The volume of Lieut. Lynch, describing his exploration of the Jordan and of the Dead Sea, is very well received in Great Britain, and is regarded as one of the most valuable contributions to geographical science which has been made for many years, conferring honor upon the American government, and especially upon the officers and men who carried the enterprize through, in the face of such appalling difficulties. It is certainly a great honor to do well what all the enlightened governments of Europe, and innumerable enterprizing travellers, scarcely before attempted. We make these remarks the more readily as it seems to us that due credit has not been rendered to the author in some American notices of his book. They have dwelt disproportionably on the literary faults to which the introductory portion of the book especially is obnoxious, and have failed to render prominent its great merits as a real and very important addition to our knowledge of the Holy Land. The style, too, of the main portion of the book is very picturesque and appropriate.
Mr. George Ticknor, formerly Professor of Modern Languages in Harvard College, has written a History of Spanish Literature, with criticisms on the particular works and biographical notices of prominent writers. It will be published by the Harpers, in December, in 3 vols. 8vo. Mr. T. resided some time in Madrid, and is said to possess a Spanish library which has no rival out of the Peninsula.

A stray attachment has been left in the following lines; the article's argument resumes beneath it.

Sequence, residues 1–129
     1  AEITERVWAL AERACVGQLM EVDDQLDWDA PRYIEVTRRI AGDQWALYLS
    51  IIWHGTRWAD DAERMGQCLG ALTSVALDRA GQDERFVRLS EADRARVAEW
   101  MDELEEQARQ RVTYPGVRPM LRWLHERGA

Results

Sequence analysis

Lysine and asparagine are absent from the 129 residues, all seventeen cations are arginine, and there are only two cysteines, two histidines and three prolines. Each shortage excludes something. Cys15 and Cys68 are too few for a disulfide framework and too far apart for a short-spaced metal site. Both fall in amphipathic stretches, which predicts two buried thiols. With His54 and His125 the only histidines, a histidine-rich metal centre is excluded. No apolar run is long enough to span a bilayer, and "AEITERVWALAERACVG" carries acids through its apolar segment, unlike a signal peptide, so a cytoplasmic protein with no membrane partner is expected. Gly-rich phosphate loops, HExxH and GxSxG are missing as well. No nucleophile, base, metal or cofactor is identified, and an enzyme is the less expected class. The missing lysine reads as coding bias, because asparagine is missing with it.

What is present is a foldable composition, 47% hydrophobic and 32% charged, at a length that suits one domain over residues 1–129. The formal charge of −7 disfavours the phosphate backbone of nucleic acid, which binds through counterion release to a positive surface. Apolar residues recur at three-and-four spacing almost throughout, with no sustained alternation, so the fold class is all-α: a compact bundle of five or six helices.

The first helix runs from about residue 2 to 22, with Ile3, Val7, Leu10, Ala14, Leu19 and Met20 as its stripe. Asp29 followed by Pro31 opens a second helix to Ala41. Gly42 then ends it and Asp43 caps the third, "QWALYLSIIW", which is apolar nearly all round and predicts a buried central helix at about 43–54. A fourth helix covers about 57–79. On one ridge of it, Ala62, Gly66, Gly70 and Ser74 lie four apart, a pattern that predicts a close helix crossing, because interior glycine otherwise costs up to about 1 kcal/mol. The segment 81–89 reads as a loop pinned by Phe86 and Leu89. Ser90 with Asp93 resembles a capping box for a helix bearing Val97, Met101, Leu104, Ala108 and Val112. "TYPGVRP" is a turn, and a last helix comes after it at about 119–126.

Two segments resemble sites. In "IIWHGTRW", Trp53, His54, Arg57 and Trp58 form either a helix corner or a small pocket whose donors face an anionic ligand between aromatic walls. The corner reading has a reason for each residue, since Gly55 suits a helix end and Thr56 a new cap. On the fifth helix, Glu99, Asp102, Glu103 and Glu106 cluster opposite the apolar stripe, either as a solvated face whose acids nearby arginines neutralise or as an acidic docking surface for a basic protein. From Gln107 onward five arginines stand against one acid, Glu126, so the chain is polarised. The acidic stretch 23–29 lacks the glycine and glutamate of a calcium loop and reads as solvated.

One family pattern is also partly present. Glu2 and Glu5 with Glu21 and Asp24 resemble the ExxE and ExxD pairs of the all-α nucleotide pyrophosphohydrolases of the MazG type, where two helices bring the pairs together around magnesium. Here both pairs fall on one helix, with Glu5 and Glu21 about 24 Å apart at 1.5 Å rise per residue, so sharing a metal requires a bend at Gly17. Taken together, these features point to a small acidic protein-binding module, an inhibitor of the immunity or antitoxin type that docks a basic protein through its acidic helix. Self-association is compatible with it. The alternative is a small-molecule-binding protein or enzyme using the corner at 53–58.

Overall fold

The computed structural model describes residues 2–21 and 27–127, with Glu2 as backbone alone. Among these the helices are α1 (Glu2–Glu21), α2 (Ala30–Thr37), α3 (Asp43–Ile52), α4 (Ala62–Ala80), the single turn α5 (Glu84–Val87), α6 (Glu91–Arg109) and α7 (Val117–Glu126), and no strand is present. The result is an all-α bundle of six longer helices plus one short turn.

Dr. Woods's Works. The main topics discussed in the first volume, in forty-one lectures, 588 pages 8vo., are the Method of Theological Study, Use of Reason, Inspiration of the Scriptures, the Divine Existence, Trinity, Deity and Humanity of Christ, and Divine Purposes. The work will be welcomed by the numerous pupils of the author, and by many others, as the fruit of long and patient study of the Scriptures, and as a contribution to theology of great value. The course of Lectures will embrace five volumes, the second of which is now in press. “ Some of the common topics of theology are omitted, and some others treated very briefly," " as there are various well known works in which they are treated judiciously and at full length.” The author has “attended chiefly to those subjects which are of the highest importance, especially at the present day.” All the Lec